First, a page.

Exploiting the Human-Machine Gap in Image Recognition for Designing CAPTCHAs

Ritendra Datta, Jia Li, James Z. Wang
The Pennsylvania State University, University Park, PA 16802

Security researchers have, for long, devised mechanisms to prevent adversaries from conducting automated network attacks, such as denial-of-service, which lead to signi cant wastage of resources. On the other hand, several attempts have been made to automatically recognize generic images, make them semantically searchable by content, annotate them, and associate them with linguistic indexes. In the course of these attempts, the limitations of state-of-the-art algorithms in mimicking human vision have become exposed. In this paper, we explore the exploitation of this limitation for potentially preventing denial-of-service type attacks. While undistorted natural images have been shown to be algorithmically recognizable and searchable by content to moderate levels, controlled distortions of speci c type and strength can potentially make machine recognition harder without affecting human recognition. This difference in recognizability makes it a promising candidate for automated Turing tests called CAPTCHAs which can differentiate humans from machines. We empirically study the application of controlled distortions of varying nature and strength, and their effect on human and machine recognizability. While human recognizability is measured on the basis of an extensive user study, machine recognizability is based on three memory-based content-based image retrieval (CBIR) and matching algorithms. We give a detailed description of our experimental image CAPTCHA system, IMAGINATION, that uses systematic distortions at its core. A signi cant research topic within signal analysis, CBIR is actually conceived here as a tool for an adversary, so as to help us design more foolproof image CAPTCHAs.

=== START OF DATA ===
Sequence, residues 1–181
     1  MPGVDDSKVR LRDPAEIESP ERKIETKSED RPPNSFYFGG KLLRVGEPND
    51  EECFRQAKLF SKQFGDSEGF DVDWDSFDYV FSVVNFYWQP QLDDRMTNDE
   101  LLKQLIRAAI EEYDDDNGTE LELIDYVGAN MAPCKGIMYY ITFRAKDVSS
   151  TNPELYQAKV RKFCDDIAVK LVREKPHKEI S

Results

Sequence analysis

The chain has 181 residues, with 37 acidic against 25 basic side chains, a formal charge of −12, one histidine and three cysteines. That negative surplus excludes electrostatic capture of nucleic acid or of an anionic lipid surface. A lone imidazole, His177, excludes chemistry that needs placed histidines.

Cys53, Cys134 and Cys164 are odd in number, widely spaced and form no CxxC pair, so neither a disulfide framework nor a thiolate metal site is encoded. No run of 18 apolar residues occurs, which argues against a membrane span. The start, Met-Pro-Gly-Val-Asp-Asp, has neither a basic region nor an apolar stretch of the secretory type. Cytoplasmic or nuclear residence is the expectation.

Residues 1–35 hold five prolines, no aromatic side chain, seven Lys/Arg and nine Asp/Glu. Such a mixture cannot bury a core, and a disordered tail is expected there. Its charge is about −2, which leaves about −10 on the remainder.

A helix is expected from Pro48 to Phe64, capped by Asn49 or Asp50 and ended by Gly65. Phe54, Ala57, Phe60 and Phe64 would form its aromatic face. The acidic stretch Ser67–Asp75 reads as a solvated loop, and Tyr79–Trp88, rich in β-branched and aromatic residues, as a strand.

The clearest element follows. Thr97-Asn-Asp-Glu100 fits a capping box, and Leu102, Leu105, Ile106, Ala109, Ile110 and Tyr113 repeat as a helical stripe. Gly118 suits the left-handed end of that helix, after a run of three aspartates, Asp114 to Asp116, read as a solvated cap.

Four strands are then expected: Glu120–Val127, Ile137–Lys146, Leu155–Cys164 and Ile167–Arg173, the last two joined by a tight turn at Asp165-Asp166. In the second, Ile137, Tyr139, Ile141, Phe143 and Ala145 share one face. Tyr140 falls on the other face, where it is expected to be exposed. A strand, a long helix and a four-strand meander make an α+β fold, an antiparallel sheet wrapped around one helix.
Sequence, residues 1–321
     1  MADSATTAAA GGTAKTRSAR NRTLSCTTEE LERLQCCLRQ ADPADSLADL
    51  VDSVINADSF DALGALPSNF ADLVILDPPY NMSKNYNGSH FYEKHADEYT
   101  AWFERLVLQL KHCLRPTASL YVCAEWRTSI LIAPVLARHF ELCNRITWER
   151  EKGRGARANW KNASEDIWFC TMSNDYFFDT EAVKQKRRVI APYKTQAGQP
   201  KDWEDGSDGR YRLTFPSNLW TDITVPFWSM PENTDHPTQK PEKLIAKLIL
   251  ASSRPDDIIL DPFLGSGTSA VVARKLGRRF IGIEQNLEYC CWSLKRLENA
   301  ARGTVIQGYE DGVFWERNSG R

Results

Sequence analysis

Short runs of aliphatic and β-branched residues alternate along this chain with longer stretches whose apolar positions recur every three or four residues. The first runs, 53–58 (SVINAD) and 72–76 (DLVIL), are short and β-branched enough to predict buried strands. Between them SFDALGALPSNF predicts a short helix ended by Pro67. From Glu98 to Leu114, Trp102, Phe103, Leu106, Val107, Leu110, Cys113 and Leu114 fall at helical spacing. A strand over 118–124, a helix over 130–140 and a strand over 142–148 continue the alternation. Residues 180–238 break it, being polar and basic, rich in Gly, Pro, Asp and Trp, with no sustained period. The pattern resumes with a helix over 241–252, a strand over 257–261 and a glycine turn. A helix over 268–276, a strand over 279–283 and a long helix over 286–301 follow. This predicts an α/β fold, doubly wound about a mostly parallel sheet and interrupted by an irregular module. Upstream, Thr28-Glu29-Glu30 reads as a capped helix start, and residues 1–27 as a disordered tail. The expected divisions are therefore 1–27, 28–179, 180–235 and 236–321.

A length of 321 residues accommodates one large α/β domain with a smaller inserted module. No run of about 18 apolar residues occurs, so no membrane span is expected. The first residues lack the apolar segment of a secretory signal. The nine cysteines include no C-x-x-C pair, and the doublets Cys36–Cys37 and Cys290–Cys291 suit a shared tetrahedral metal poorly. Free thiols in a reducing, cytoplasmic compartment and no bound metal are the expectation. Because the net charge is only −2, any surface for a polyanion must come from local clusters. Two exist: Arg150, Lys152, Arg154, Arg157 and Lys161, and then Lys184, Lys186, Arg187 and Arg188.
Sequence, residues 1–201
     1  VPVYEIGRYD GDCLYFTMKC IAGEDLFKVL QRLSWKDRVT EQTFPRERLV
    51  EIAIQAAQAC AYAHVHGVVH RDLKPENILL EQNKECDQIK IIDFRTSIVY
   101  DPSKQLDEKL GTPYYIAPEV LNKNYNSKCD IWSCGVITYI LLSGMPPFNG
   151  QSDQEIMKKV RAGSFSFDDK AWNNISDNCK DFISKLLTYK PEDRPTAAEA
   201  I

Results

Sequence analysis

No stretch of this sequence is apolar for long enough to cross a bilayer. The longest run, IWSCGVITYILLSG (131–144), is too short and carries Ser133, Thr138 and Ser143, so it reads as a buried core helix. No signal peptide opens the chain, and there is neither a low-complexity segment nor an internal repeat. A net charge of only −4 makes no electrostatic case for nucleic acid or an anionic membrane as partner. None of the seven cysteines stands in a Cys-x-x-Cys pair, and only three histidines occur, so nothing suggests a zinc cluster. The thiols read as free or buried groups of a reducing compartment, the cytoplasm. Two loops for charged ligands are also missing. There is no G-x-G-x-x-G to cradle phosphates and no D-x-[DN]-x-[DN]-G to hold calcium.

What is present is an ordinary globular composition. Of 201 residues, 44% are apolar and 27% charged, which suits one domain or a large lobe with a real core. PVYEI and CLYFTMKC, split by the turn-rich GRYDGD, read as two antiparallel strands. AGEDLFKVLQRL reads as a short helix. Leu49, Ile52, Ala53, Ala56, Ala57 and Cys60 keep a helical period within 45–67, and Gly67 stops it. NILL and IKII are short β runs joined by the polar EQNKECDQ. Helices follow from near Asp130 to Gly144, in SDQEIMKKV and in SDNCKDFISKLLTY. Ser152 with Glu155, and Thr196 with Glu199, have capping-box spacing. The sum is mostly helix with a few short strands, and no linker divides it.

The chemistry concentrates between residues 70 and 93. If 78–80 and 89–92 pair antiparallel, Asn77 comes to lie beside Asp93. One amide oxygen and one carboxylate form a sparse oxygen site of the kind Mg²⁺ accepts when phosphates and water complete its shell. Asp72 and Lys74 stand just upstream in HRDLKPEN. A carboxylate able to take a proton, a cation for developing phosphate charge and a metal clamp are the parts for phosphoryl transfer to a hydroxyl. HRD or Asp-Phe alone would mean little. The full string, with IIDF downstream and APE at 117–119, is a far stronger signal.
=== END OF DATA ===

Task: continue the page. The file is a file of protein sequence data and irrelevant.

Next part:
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Citation: Ritendra Datta, Jia Li and James Z. Wang, ``Exploiting the Human-Machine Gap in Image Recognition for Designing CAPTCHAs,'' IEEE Transactions on Information Forensics and Security, vol. 4, no. 3, pp. 504-518, 2009.

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